Wave-generated Turbulence in the Coastal Ocean During Passage of a Tropical Cyclone

Ann Gargett, Institute of Ocean Sciences, Sidney, BC, Canada and Dana K Savidge, Skidaway Inst Oceanography, Savannah, GA, United States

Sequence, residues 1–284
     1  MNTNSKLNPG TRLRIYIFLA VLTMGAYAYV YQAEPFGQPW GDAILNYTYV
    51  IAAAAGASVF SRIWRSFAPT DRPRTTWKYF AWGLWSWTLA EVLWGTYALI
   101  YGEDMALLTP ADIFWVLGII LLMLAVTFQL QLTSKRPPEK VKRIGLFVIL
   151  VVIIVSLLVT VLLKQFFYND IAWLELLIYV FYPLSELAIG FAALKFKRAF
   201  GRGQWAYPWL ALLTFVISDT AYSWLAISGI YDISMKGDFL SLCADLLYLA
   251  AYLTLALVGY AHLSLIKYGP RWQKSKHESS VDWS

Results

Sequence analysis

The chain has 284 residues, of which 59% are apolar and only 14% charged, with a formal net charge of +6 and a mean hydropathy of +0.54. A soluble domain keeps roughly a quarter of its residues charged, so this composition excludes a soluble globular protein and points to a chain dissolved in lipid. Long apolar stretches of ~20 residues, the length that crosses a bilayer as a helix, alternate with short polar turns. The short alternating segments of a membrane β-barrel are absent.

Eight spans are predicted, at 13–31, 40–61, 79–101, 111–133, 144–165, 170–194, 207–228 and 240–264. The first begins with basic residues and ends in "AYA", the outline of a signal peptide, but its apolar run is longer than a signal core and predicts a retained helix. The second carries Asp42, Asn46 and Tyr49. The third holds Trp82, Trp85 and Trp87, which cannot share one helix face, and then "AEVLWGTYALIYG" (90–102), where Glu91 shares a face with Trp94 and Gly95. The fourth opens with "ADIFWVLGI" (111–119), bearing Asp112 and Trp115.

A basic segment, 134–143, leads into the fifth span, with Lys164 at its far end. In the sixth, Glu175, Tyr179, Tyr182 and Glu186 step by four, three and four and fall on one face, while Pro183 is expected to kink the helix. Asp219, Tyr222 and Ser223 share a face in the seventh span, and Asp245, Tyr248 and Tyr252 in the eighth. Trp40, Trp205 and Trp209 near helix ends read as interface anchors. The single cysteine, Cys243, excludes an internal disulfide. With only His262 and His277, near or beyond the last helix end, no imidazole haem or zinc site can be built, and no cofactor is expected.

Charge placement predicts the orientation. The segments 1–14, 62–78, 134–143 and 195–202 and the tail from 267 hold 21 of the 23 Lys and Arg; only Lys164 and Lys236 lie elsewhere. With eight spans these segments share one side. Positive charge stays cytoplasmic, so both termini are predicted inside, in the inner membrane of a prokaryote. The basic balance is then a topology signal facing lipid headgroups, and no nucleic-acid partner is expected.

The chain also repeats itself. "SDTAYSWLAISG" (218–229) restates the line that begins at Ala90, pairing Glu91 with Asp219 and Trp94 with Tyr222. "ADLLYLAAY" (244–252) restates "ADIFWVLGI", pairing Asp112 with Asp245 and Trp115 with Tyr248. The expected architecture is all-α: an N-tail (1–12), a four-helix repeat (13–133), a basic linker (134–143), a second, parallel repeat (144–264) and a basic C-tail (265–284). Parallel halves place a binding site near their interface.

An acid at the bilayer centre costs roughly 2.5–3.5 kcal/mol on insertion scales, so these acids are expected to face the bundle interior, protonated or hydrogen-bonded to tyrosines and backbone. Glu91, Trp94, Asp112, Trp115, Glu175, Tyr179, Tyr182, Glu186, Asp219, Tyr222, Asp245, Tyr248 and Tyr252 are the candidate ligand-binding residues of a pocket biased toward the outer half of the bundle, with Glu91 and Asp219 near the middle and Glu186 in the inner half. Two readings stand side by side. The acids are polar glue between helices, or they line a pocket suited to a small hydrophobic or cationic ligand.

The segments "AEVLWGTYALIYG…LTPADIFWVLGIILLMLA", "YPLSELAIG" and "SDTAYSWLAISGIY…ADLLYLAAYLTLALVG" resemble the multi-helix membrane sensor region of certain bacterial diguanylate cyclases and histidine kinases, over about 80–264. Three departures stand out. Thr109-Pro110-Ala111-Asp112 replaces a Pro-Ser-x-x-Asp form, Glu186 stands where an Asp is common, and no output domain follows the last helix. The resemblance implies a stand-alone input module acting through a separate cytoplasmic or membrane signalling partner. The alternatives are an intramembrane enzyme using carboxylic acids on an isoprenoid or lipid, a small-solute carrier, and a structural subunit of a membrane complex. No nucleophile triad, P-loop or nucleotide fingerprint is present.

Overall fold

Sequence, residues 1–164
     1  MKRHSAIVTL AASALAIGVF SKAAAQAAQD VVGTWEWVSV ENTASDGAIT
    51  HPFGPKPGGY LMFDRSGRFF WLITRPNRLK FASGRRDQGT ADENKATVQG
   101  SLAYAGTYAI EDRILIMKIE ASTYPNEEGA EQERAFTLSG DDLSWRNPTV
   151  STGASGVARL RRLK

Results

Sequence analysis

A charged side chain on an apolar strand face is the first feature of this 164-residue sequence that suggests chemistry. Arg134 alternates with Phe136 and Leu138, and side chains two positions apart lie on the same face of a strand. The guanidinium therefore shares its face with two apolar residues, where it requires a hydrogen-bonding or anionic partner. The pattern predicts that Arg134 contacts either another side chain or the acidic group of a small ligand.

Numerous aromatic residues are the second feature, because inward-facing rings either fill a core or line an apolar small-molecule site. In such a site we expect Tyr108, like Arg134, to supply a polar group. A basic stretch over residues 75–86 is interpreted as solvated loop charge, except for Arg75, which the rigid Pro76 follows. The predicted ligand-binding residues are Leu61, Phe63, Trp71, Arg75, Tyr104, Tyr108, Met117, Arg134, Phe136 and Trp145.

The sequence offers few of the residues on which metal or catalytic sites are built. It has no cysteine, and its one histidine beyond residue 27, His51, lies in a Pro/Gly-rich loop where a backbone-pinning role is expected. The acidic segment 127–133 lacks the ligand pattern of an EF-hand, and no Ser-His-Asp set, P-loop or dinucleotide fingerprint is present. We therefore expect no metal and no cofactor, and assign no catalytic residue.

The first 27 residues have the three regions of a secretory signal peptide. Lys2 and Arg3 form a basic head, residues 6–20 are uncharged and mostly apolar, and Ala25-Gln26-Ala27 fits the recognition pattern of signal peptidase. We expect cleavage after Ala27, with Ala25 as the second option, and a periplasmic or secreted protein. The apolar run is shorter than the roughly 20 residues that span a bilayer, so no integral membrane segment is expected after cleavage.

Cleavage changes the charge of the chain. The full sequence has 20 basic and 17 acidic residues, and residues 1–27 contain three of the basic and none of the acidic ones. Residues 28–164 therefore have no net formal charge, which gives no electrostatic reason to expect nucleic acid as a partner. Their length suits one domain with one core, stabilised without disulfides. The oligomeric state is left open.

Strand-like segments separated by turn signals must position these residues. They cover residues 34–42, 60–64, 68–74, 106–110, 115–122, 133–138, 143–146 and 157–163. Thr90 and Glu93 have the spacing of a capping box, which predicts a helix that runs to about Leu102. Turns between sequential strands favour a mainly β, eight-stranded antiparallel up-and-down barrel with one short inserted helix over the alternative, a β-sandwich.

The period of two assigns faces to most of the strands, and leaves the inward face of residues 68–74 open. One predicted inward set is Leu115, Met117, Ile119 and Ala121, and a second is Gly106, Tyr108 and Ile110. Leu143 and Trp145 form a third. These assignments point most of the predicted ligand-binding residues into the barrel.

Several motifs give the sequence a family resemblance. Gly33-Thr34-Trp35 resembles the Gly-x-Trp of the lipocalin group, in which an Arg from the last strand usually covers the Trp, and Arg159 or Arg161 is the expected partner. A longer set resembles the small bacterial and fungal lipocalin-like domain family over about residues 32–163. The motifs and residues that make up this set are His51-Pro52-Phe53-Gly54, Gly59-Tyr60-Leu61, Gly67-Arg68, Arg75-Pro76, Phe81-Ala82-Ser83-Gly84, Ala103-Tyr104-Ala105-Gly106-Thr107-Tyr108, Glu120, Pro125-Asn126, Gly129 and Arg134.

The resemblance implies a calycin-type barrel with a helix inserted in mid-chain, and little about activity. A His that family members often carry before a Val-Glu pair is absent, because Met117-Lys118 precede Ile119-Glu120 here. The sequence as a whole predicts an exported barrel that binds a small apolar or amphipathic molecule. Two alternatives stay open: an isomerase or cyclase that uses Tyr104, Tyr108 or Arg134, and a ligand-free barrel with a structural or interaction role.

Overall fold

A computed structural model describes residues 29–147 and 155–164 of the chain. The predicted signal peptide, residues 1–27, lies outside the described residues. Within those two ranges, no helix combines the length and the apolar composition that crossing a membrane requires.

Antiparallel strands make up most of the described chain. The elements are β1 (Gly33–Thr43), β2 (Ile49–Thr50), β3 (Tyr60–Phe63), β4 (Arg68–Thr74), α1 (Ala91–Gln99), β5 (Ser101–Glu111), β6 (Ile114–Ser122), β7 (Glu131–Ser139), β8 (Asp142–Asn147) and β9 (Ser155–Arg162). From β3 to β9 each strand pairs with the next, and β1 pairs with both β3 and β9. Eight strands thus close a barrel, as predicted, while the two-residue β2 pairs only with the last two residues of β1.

In September 2007, tropical storm (TS) Barry passed northwards over US Navy Tower R2 on the Georgia continental shelf. Tower instruments quantified wind and buoyancy flux forcing of the ocean, while a single VADCP, bottom-mounted nearby, provided continuous measurements of directional surface wave spectra (hence of directional Stokes functions of depth and time) as well as mean, tidal, and turbulent velocities throughout the water column. Full-depth turbulent velocity and backscatter structures observed during TS Barry have the characteristics of Langmuir supercells (LS), present when a surface Langmuir circulation (LC) growth rate growth rate g* exceeds a critical value. However despite g* values that remain above critical, full-depth velocity/backscatter structures disappear completely for a time between the two wind maxima associated with the TS, as the wind veers rapidly clockwise with eye passage to the west of R2. The most likely explanation for this hiatus is the observed absence of wave breaking during the period of wind veering, decreasing surface supply of quasi-organized vertical vorticity that is more “effective” in generating LC than the randomly oriented vorticity associated with a (wind) stress-driven boundary layer . This result has significant implications for LES modelling of LC in both shallow and deep water.